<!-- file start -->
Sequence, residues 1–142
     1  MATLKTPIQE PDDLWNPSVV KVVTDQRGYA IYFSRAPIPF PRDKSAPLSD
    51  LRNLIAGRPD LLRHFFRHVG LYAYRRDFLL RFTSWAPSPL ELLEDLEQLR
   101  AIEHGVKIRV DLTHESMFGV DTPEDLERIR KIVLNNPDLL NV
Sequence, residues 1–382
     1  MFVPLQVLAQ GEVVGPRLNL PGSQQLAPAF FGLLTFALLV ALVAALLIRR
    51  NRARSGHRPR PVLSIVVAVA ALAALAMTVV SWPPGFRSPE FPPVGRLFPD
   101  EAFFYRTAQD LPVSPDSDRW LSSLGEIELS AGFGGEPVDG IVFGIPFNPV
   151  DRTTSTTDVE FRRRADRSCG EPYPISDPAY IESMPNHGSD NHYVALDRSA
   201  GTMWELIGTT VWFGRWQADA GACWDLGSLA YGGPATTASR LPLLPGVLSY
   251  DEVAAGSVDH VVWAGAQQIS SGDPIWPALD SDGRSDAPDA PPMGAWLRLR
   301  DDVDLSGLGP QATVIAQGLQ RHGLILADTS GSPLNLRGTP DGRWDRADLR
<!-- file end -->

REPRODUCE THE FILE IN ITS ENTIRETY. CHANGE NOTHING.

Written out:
Sequence, residues 1–142
     1  MATLKTPIQE PDDLWNPSVV KVVTDQRGYA IYFSRAPIPF PRDKSAPLSD
    51  LRNLIAGRPD LLRHFFRHVG LYAYRRDFLL RFTSWAPSPL ELLEDLEQLR
   101  AIEHGVKIRV DLTHESMFGV DTPEDLERIR KIVLNNPDLL NV
Sequence, residues 1–382
     1  MFVPLQVLAQ GEVVGPRLNL PGSQQLAPAF FGLLTFALLV ALVAALLIRR
    51  NRARSGHRPR PVLSIVVAVA ALAALAMTVV SWPPGFRSPE FPPVGRLFPD
   101  EAFFYRTAQD LPVSPDSDRW LSSLGEIELS AGFGGEPVDG IVFGIPFNPV
   151  DRTTSTTDVE FRRRADRSCG EPYPISDPAY IESMPNHGSD NHYVALDRSA
   201  GTMWELIGTT VWFGRWQADA GACWDLGSLA YGGPATTASR LPLLPGVLSY
   251  DEVAAGSVDH VVWAGAQQIS SGDPIWPALD SDGRSDAPDA PPMGAWLRLR
   301  DDVDLSGLGP QATVIAQGLQ RHGLILADTS GSPLNLRGTP DGRWDRADLR